The analysis of high-resolution oceanographic data referring to velocity measurements carried out by means of a vessel-mounted acoustic Doppler current profiler on 12 November 2000 in the equatorial Atlantic, at 44°W between 4.5° and 6°N, reveals the presence of three large-amplitude internal solitary waves superimposed on the velocity field associated with the North Equatorial Countercurrent (NECC). These waves were found in the deep ocean, more than 500 km off the continental shelf and far from regions of topographic variations. They propagated toward the north-northeast, strongly inclined with respect to the main axis of the NECC and perpendicular to the Brazilian shelf, as well as to the North Brazil Current, and were characterized by maximum horizontal velocities of about 2 m s−1 and maximum vertical velocities of about 20 cm s−1. The large magnitudes of the measured velocities indicate that the observed waves represent disturbances evolving in a strongly stratified ocean. The distance separating the waves (about 70 km) indicates that the observed features cannot be considered as elements of a single train of internal solitary waves. The waves consist, instead, of truly disconnected, pulselike intense solitary disturbances. This behavior, which strongly differs from that typically observed for trains of tidally generated internal solitary waves, indicates that different mechanisms were possibly involved in their generation and/or evolution.

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Friedrich A. Schott, Jürgen Fischer, and Lothar Stramma

Abstract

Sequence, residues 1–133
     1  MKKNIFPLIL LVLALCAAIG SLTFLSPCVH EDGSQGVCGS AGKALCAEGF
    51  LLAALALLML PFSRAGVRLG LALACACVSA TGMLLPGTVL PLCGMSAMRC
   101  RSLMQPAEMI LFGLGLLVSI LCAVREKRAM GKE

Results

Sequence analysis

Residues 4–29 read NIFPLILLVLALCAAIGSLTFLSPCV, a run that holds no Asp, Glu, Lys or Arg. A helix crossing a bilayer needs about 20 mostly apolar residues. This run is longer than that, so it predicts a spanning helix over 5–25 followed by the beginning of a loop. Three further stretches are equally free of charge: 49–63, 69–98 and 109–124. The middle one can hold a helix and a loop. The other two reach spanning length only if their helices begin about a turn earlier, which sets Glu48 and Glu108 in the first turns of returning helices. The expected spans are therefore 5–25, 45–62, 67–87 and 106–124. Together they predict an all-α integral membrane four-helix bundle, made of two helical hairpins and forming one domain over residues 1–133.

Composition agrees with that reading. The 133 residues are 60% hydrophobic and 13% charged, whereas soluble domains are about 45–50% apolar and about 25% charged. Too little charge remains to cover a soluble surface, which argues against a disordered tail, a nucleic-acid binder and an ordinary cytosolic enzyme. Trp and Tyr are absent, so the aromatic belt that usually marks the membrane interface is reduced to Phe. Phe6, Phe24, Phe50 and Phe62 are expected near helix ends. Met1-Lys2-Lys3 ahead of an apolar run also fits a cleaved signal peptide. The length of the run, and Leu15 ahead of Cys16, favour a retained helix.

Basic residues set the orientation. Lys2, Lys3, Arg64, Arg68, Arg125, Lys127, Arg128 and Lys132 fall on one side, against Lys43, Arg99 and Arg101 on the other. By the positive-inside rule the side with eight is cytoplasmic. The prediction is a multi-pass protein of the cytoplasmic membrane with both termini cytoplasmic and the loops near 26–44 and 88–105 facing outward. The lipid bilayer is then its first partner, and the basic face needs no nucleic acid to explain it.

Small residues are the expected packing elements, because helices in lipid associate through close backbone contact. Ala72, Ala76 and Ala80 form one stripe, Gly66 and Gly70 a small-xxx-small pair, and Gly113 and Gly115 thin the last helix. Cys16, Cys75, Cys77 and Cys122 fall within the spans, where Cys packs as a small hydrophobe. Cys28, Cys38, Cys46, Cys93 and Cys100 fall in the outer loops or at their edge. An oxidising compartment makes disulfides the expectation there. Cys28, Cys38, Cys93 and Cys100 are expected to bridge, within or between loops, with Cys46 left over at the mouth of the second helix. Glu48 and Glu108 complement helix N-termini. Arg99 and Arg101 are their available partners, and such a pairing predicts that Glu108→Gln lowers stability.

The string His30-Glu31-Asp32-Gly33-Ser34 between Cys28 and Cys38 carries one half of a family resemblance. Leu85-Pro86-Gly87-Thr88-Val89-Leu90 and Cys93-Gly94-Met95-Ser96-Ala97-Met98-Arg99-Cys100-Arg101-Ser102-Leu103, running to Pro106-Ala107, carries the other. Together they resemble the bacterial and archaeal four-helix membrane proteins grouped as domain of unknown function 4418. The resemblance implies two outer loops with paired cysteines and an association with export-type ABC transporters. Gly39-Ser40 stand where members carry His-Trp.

The mean warm water transfer toward the equator along the western boundary of the South Atlantic is investigated, based on a number of ship surveys carried out during 1990–96 with CTD water mass observations and current profiling by shipboard and lowered (with the CTD/rosette) acoustic Doppler current profiler and with Pegasus current profiler. The bulk of the northward warm water flow follows the coast in the North Brazil Undercurrent (NBUC) from latitudes south of 10°S, carrying 23 Sv (Sv ≡ 106 m3 s−1) above 1000 m. Out of this, 16 Sv are waters warmer than 7°C that form the source waters of the Florida Current. Zonal inflow from the east by the South Equatorial Current enters the western boundary system dominantly north of 5°S, adding transport northwest of Cape San Roque, and transforming the NBUC along its way toward the equator into a surface-intensified current, the North Brazil Current (NBC). From the combination of moored arrays and shipboard sections just north of the equator along 44°W, the mean NBC transport was determined at 35 Sv with a small seasonal cycle amplitude of only about 3 Sv. The reason for the much larger near-equatorial northward warm water boundary current than what would be required to carry the northward heat transport are recirculations by the zonal current system and the existence of the shallow South Atlantic tropical–subtropical cell (STC). The STC connects the subduction zones of the eastern subtropics of both hemispheres via equatorward boundary undercurrents with the Equatorial Undercurrent (EUC), and the return flow is through upwelling and poleward Ekman transport. The persistent existence of a set of eastward thermocline and intermediate countercurrents on both sides of the equator was confirmed that recurred throughout the observations and carry ventilated waters from the boundary regime into the tropical interior. A strong westward current underneath the EUC, the Equatorial Intermediate Current, returns low-oxygen water westward. Consistent evidence for the existence of a seasonal variation in the warm water flow south of the equator could not be established, whereas significant seasonal variability of the boundary regime occurs north of the equator: northwestward alongshore throughflow of about 10 Sv of waters with properties from the Southern Hemisphere was found along the Guiana boundary in boreal spring when the North Equatorial Countercurrent is absent or even flowing westward, whereas during June–January the upper NBC is known to connect with the eastward North Equatorial Countercurrent through a retroflection zone that seasonally migrates up and down the coast and spawns eddies. The equatorial zone thus acts as a buffer and transformation zone for cross-equatorial exchanges, but knowledge of the detailed pathways in the interior including the involved diapycnal exchanges is still a problem.